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Juveniles must pay for adult crimes
The juvenile justice Act has been amended before, but the law is still not strong enough to punish the minor perpetrators of heinous crimes that are adult in nature
Increasing rate of crimes, including the most heinous ones like murder, rape and acid attacks, which could be named as adult crimes, are a cause of great concern both for the public at large and the law enforcement agencies. In spite of pan-India public protests and candle-light marches, the abysmally low conviction rate and extraordinary delays in justice delivery system speak poorly of the law and order situation in the country. Poverty, overcrowding, unemployment, urbanisation... the list is endless for describing the genesis of the problem. But so little has been done by the judiciary and by the legislature to bring about constructive change.
Adult crimes could include those which cause permanent physical and psychological disability and even death, like in cases of rape, murder and acid attacks. The rest of the crimes like robberies, snatchings, pickpocketing, car-jacking etc, could be put in the category of non-adult crimes. Looking at the severity of crime and the devastating effect that is inflicted upon the victims and their families, there is a need to try them separately from the rest, in specifically designated fast track courts, and in a time bound manner, on a priority basis.
There exists a big problem of shortfall of number of judges in proportion to the rising number of cases, including a huge backlog of unsolved pending cases and regular addition of big number of new ones. The phenomenon of over-worked judges makes it impossible to try all the cases with speed and efficacy. Therefore, there is a need to promulgate laws that allow the two categories of crimes to be tried by different set of laws, particularly those that are heinous in nature and fall in the category of ‘rarest of rare’, and warrant speedy justice delivery and better percentage of rate of convictions — as in cases of adult crimes.
Advanced puberty, unlimited exposure to adult contents in the media etc bring early maturity, and those with delinquent tendencies fall prey to indulge in adult crimes easily. Who could have imagined a few decades ago of a 14-year old boy committing rape? Some gangs tend to take advantage of the laxity given to juveniles by the Indian jurisprudence, and employ them with the bait of better living and a flashy life-style. There is no rationale in following the age-old practice of awarding a lenient and differential treatment to such a delinquent person, just because he or she is below 18 years of age — a minor or a juvenile.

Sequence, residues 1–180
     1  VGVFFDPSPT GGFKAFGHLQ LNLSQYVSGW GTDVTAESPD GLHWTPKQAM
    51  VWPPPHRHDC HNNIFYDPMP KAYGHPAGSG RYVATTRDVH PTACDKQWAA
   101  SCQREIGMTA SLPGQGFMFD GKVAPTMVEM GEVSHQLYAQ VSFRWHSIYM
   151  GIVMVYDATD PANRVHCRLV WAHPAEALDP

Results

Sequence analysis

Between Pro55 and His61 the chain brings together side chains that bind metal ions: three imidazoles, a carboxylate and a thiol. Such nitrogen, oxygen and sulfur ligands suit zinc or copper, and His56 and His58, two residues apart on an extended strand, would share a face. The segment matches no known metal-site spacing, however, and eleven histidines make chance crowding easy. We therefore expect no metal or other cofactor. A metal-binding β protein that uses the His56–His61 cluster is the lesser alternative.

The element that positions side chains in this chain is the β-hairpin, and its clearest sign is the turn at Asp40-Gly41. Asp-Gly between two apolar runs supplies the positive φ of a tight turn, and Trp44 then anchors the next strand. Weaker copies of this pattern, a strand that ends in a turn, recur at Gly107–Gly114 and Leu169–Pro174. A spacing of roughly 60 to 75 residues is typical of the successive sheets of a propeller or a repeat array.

Times have changed, and so the laws should also change. It is also not uncommon to see these very group of juveniles becoming repeat offenders, and hardened criminals, roaming freely, after a brief stint at the reformatories. They, or at least many of them, ending up posing great danger to society as a whole. There are recoded instances of such cases.
However, the suffering of the victim does not become any less, whether the criminal is a minor or major. Justice delayed is truly justice denied, when the effected victims and their families routinely counter their perpetrators moving around freely, mocking at them and even threatening them with violence if they didn’t withdraw their complaints against the accused.
The most glaring example recently was that of a tailor living in Uttarakhand, who raped young girls from the age of fourteen, and kept on repeating the act for another 10 years before he was finally convicted and put behind bars. He had been caught many times but always secured bail because of his minor status.
A minor accused charged with a crime that falls in the category of adult crime, should be tried in a way that would be similar to what an adult would have to deal with. Age cannot be a means to let him go free or leniently in such cases. Neither should other excuses such as poverty or peer pressure become an alibi for pardoning, or lessening his sentence in any way.
Although the juvenile justice Act has been amended many times, and the age of a juvenile has been suggested to be lowered to 16 from 18, various implementations have not seen the light of the day. The spoilers are both the judiciary and the legislature. The amendments get stuck, sometimes in the higher courts, or in the Supreme Court. And, at times Parliament sits over a reform Bill — or worse, does not function effectively.
(The writer is a freelance commentator)
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